Home > Journals > Minerva Stomatologica > Past Issues > Minerva Stomatologica 2007 April;56(4) > Minerva Stomatologica 2007 April;56(4):159-67





A Journal on Dentistry and Maxillofacial Surgery

Official Journal of the Italian Society of Odontostomatology and Maxillofacial Surgery
Indexed/Abstracted in: CAB, EMBASE, Index to Dental Literature, PubMed/MEDLINE, Scopus, Emerging Sources Citation Index




Minerva Stomatologica 2007 April;56(4):159-67

language: English, Italian

Burning mouth syndrome and personality profiles

Merigo E. 1, Manfredi M. 1, Zanetti M. A. 2, Miazza D. 2, Pedrazzi G. 3, Vescovi P. 1

1 Unit of Oral Pathology and Medicine Section of Dentistry; Department of ENT Dental Ophthalmological and Cervicofacial Sciences,University of Parma, Parma, Italy
2 Department of Psychology University of Pavia, Pavia, Italy
3 Department of Public Health University of Parma, Parma, Italy


Aims. The burning mouth syndrome (BMS) is an oral disorder that consists of a burning pain in the mouth without any visible clinical manifestations: its etiology is still unclear and the etiological factors have been classified as local, systemic and psychogenic. In this study, we reported the evaluation of the psychological profile of BMS and non-BMS subjects in order to identify any psychological disease affecting these patients and to evaluate a possible psychological factor in the ethiopathogenesis of BMS.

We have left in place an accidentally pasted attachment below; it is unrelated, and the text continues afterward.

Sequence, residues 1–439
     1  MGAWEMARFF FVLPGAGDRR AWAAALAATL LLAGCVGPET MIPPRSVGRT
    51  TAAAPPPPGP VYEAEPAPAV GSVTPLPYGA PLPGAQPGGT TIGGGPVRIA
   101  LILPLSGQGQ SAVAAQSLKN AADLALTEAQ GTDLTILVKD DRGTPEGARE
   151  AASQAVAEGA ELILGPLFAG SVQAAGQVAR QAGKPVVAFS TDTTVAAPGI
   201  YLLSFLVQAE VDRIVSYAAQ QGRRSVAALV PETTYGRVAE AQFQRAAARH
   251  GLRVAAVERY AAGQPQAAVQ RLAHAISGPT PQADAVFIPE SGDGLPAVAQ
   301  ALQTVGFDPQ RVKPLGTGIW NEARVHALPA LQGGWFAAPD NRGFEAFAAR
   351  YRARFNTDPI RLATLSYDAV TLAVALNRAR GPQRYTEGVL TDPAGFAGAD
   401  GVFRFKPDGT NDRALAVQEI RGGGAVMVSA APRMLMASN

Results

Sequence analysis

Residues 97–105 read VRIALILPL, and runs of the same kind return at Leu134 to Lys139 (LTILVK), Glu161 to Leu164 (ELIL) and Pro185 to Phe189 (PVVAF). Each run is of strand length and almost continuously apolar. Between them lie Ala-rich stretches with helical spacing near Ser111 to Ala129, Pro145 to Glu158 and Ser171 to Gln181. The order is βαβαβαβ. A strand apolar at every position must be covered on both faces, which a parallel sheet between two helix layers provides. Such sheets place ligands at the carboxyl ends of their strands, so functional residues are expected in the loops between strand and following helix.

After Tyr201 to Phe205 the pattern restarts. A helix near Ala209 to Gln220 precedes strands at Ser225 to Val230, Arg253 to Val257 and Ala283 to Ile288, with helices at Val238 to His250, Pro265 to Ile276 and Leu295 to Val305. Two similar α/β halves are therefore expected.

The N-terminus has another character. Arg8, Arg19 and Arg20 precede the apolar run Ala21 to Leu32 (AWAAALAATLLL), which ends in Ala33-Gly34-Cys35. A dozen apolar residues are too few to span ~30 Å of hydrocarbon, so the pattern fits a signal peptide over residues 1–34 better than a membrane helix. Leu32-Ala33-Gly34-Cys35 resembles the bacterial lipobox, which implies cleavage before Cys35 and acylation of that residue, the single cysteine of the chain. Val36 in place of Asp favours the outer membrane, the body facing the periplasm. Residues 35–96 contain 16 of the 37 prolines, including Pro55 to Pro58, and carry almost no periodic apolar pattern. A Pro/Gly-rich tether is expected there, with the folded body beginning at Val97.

Methods. Twenty-eight patients affected by BMS, evaluated at the Section of Dentistry of the University of Parma, and 24 matched control subjects were evaluated for their personality profile using the Minnesota Multiphasic Personality Inventory-2 (MMPI-2), a questionnaire which analyses various aspects of personality through 10 scales: hypochondriasis, depression, hysteria, psychopathic deviation, masculinity-femininity, paranoia, psychasthenia, schizophrenia, hypomania, social introversion. From this study, 7 BMS patients and 12 control subjects were excluded due to high scores reported in one or more of the 3 control scales. The t-test and the Mann-Whitney test were used to compare the 2 groups and the results were considered statistically significant with P<0.01.
Results. The results show no significant differences in personality profiles between the BMS and the control subjects suggesting an etiology for BMS different from the psychogenic hypothesis.
Conclusion. Further researches and the evaluation of larger BMS subjects groups are necessary in order to validate the hypothesis of the neurological etiology of BMS.

top of page

Publication History

Cite this article as

Corresponding author e-mail